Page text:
There is always a tendency in such chronicles to give greater scope to the testimonies of the Diarists and Memoirists, at the expense of the voiceless ordinary people.The former by in large tend to be endowed with large egos or great sense of power, thus exercising considerable fascination for the reader and historian alike.
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Sorry I'm still reading....interesting so far
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A good view on what really happened without the nationalist spin from either side.
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Format: Paperback
This book doesn't quite do what its title suggests. It does give a very readable account of how the Second World War affected Cairo (and, to some extent, the rest of Egypt), but only from the viewpoint of the various ex-pat communities - particularly the British - and the Egyptian elite. From 1914 onwards, the relationship between Britain and Egypt was a complicated one; although not technically part of the Empire, the British seem to have treated it as such, and the Egyptians naturally bridled at this. When WW2 started, this distrust led to all sorts of problems throughout the war, leading ultimately to British expulsion from the country after the war.
This book gives a straightforward account of events; concentrating understandably on the period of the Desert War. The changing military and political situation are handled well, and there is much about the bungling and rivalries that always seem to appear in such situations, as well as the machinations around the palace of King Farouk.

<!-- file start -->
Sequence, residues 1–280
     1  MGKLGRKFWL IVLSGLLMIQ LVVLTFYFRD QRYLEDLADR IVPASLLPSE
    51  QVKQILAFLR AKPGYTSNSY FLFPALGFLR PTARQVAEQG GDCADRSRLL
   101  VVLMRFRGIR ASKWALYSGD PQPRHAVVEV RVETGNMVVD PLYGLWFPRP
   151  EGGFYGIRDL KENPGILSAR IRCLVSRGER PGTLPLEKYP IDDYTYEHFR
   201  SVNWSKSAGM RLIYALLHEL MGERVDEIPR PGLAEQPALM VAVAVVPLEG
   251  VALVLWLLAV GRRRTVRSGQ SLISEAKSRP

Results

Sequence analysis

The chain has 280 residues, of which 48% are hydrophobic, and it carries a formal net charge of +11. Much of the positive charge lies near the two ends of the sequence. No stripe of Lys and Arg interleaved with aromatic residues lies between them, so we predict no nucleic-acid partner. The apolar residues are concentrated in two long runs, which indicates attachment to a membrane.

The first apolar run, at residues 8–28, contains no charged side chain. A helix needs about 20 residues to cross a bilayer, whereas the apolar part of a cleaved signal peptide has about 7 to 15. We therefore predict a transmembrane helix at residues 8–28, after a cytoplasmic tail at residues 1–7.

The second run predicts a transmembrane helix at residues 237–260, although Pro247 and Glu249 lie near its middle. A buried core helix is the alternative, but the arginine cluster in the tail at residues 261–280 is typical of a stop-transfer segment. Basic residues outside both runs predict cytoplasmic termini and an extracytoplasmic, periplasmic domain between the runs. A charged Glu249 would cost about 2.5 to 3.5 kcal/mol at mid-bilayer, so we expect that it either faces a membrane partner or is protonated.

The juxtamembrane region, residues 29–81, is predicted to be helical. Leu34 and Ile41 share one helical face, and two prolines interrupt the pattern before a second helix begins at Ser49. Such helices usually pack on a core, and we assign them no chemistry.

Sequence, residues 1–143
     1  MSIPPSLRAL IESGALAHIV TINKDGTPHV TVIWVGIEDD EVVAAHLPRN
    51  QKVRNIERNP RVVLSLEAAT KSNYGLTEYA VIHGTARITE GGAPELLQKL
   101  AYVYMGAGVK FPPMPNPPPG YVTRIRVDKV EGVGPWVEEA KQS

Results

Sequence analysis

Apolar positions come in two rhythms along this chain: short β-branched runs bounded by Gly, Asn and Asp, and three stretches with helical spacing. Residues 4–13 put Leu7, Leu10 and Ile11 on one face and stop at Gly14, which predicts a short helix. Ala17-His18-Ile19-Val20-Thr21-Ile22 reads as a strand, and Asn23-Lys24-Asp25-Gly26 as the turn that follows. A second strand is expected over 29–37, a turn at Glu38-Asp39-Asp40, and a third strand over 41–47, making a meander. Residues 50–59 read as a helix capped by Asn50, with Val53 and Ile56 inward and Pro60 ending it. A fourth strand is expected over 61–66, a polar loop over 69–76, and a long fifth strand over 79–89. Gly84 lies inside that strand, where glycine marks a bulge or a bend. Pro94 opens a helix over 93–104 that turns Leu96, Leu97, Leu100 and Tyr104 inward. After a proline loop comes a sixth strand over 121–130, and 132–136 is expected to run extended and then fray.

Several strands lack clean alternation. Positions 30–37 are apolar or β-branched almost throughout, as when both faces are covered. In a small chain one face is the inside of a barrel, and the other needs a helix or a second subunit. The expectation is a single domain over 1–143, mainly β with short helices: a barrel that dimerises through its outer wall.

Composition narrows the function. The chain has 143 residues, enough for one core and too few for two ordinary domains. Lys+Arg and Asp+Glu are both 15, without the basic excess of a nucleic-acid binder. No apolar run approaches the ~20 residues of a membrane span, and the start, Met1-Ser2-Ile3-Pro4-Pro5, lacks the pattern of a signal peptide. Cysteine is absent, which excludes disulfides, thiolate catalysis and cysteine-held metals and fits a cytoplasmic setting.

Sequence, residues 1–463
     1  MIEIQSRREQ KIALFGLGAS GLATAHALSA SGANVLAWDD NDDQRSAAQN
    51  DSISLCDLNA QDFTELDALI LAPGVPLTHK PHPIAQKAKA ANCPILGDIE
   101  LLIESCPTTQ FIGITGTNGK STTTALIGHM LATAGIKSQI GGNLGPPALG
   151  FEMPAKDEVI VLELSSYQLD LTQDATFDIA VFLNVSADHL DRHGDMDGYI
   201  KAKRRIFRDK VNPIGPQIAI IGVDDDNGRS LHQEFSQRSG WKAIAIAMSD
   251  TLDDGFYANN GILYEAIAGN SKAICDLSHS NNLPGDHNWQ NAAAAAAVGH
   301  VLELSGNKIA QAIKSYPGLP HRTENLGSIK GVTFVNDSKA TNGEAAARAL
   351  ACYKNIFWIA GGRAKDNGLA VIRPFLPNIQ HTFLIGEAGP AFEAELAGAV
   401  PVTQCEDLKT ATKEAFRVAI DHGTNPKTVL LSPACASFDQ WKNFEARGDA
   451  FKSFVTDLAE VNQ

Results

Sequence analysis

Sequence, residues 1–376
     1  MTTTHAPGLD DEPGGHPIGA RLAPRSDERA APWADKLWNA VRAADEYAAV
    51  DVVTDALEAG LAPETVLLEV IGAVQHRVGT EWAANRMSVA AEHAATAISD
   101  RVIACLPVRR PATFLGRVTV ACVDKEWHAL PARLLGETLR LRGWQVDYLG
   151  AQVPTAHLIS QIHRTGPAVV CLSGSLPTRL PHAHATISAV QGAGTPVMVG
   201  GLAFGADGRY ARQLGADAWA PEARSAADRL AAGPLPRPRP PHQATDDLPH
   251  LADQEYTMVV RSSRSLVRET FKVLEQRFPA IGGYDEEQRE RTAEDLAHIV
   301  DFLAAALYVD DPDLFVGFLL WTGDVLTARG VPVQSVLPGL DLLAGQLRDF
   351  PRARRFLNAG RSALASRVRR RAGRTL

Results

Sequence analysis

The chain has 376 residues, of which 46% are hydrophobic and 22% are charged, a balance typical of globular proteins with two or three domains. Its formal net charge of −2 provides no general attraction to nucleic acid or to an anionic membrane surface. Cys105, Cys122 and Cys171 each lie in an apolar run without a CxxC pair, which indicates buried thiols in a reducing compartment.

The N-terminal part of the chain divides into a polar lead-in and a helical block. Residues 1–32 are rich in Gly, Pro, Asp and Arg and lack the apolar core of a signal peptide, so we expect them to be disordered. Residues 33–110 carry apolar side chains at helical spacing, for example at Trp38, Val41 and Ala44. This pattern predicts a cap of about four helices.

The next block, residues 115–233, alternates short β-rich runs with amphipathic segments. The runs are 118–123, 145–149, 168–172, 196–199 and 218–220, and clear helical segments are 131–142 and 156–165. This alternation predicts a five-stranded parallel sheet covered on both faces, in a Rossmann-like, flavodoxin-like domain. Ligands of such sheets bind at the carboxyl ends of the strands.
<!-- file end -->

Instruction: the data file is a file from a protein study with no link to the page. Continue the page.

My one criticism is that there is nothing much about the majority of the population of Cairo (or Egypt). A lot of the material is about the social and cultural world of ex-pat Cairo; interesting as this is, it was a very narrow world and the author seemed more comfortable with this material than with some of the more complex issues going on elsewhere.
*You can read the full version of this review on my blog; there is a link on my profile page*
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A brilliant presentation of the personalities in war and the tensions within Egypt, the Command structure and the expectations in London, set in an exotic and dangerous place.
The first part of the book has a superb summation of the precarious position Britain was in, facing actual and near certain military defeats on a number of fronts all along with the need to balance perfidious allies amongst the Egyptians and local enemies determined to see the British presence eliminated. As some of the pressure is relieved after the start of the German assault on the Soviet Union and the Allies move back on the offensive in the Western Desert, Cooper interweaves the rivalries and back-biting disputes within the military and political spheres, mixed with the good times of Cairo, energetically embraced by those whose lives were at risk and those who were having a good war.
The photos are good and just a few more would be even better.
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I should just like to point out that, although well written, it is about officers, and of those the group that interests Ms. Cooper most are the ones with double-barelled names or are famous. We learn nothing of the ordinary soldiers and what they actually did on leave or working in Cairo. For that you need to read Len Deighton's City Of Gold. Strangely she makes no mention of Elizabeth David even though she's written a biography of the lady.